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Tony Terry

Tony Terry's silky smooth R&B/Jazz vocals and his Adonis-like looks have often left many a woman swooning over his love songs. It was therefore very fitting that this personable crooner was once cast as Prince Charming in the stage production of Sisterella.

The thirty-two year old Terry's career was kick started in the late eighties when he had the audacity to suggest to a band that they replace their lead singer with him. "My recording career started when I was pretty much at a crossroads. I had moved to New York to do a musical, The Black Nativity. When the show was over I decided to stay in the city pound the pavement just like every other starving actor. I wasn't having a lot of success in getting work. I was just about to give up and go home the next day. A friend of mine suggested we go see this band at a club in the city called Danceteria. The band was okay but the lead singer wasn't very good. As a matter of fact he was terrible. I thought it was the perfect opportunity if I was on stage to get involved in something that might be good. I told the band after their set that the only thing they were missing was me," he says recalling the incident for me. "They said, 'Oh really, well here's your chance son, hit it. I did a Luther Van Dross song a cappella." A producer from a record label overheard Terry's audition and, "Within six weeks I was signed to Capitol Records," says Terry.

Terry has since recorded five CDs; Tony Terry (1990), Forever Yours (1990), Heart of a Man (1994), My Best (2001) and earlier this year he released a Gospel album entitled Changed. He also released five Billboard top ten hits including "Lovey Dovey" which peaked at number four, "Everlasting Love" (6th) and "With You" which also ranked sixth on the Hot R&B charts for 1991. "With You" also made number fourteen on the Billboard Hot 100.

Despite the success of "With You" Terry can't help but poke fun at the song. "To the average Joe the song is really corny," he says. Terry then quotes the words, "When I'm with you I hear a song that makes me laugh and smile and sing to you." In mock disbelief he then says, "I mean come on imagine walking up to some woman and saying that. They would look at you like "Please!"

In the mid nineties "When A Man Cries" (32) and "Heart of a Man" (86) didn't fare as well as his earlier singles. His 2006 release "Praise Him" however has been embraced by radio stations across America and could spark a return to the spotlight for Terry.

Terry retains a fondness for the Heart of a Man album. "I think The Heart of a Man album was underrated. There were some powerful songs on (the CD). The song "I'm Sorry" talked about communication in relationships which can often be a major issue. That song is really about taking the high road and being the first to apologize. The song speaks about being sorry for creating confusion and drama," he says.

Terry then turns his attention to another song from Heart of a Man "When A Man Cries". The song talks to men about not being afraid to be emotional," he explains. Terry says the song tries to explode the male myth that tenderness is an undesirable trait. "Our society says we (men) can't be gentle we have to be hard. We have to be macho. We have to be thorough. Sometimes the situation requires tenderness. Sometimes it is okay to be, dare I say soft," he says. Terry wants to be known as someone who championed a man's right to express emotion openly.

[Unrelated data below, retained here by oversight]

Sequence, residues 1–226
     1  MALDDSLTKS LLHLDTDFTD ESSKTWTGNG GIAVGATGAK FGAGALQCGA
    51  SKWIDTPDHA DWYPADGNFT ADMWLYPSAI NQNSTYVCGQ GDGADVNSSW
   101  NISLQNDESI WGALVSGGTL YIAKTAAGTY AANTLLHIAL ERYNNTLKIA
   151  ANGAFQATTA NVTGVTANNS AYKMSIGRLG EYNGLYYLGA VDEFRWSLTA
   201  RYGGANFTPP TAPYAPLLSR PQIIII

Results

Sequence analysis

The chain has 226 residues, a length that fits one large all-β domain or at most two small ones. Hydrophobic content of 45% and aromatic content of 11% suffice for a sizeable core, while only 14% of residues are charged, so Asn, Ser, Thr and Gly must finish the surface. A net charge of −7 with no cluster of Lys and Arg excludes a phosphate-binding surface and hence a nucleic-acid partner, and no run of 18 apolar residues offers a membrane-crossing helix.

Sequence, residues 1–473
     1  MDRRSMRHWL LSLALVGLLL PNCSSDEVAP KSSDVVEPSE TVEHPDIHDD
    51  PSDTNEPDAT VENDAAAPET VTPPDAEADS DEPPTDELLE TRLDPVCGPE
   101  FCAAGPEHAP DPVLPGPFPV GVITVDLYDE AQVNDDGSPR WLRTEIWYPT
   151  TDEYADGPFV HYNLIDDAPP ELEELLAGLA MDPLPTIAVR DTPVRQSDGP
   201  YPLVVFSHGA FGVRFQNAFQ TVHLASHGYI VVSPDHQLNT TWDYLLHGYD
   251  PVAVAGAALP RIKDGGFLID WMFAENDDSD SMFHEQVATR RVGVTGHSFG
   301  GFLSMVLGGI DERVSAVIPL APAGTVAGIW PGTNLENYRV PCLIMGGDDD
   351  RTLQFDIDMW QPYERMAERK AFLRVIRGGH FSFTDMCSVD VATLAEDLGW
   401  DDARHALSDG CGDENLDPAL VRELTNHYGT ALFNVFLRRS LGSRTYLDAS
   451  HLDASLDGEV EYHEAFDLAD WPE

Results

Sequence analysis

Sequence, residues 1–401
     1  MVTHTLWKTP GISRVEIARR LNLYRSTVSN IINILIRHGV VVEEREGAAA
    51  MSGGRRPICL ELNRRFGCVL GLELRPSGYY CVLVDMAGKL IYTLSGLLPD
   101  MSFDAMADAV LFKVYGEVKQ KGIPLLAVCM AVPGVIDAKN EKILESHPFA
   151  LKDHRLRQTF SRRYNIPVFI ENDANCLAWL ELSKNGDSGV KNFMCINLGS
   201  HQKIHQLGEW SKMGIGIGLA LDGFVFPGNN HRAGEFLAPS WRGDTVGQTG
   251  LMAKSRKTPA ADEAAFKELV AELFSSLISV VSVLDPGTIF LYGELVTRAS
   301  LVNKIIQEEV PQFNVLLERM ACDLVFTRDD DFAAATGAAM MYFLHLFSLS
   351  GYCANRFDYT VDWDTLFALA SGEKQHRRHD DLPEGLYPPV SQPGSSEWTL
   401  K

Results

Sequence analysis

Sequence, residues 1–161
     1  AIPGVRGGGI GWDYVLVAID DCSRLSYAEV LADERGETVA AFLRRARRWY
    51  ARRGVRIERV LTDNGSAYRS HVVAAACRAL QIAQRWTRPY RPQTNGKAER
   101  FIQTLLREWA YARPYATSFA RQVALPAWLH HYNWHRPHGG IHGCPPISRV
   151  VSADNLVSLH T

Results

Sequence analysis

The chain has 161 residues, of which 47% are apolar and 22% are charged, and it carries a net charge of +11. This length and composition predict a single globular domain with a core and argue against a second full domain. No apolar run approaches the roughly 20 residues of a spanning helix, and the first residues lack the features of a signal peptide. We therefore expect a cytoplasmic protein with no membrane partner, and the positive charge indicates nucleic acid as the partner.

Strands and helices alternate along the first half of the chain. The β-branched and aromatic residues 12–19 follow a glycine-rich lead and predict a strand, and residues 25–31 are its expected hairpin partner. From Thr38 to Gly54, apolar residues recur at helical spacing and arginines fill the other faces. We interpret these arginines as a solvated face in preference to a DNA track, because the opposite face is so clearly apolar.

Terry has proved that he is more than just a pretty face and a voice to be heard over the airwaves. In addition to the aforementioned Prince Charming role Terry appeared in the national touring production of The Wiz (late 1990's) which starred Grace Jones and Peabo Bryson. Terry's powerful solo performance of "What Would I Do If I Could Feel" brought the audiences to their feet as they applauded his effort.

As the male lead in David E Talbert's play His Woman His Wife Terry acted opposite Stephanie Mills. He had assumed the role when Malik Yoba left the cast.

Terry believes whether he struts his stuff in a musical or in a concert the key is being authentic. In discussing the similarities and differences between being an actor and a singer he says, "We are charged as actors to bring the same intensity into our character night after night. We have to say the same lines and sing the same songs nightly. If you find yourself in a scene where you have to cry some people may be able to cry on cue and some people may not be able to. It may involve you having to do some memory recall. You may have to take yourself to a place mentally that makes you sad so that you can cry. That can be really exhausting," he says.

Terry notes the biggest difference between actor and singer is, "I have a lot more freedom when I am doing Tony Terry stuff (in concert). It's not so regimented. When you are doing theater you can't (improvise). You can't change Shakespeare's words. If you change the words you aren't doing Shakespeare."

My challenge is to be truthful with (my performance) every night, to be truthful every time I sing. (When you do) people respond truthfully," says Terry.

In addition to his own gigs this year Terry is touring with Roberta Flack.

Additional Info

  • Artist / Group Name: Tony Terry
  • Interview Date: 5/1/2006
  • Subtitle: Meet A Real Prince Charming... Singer Tony Terry Coming Back Strong
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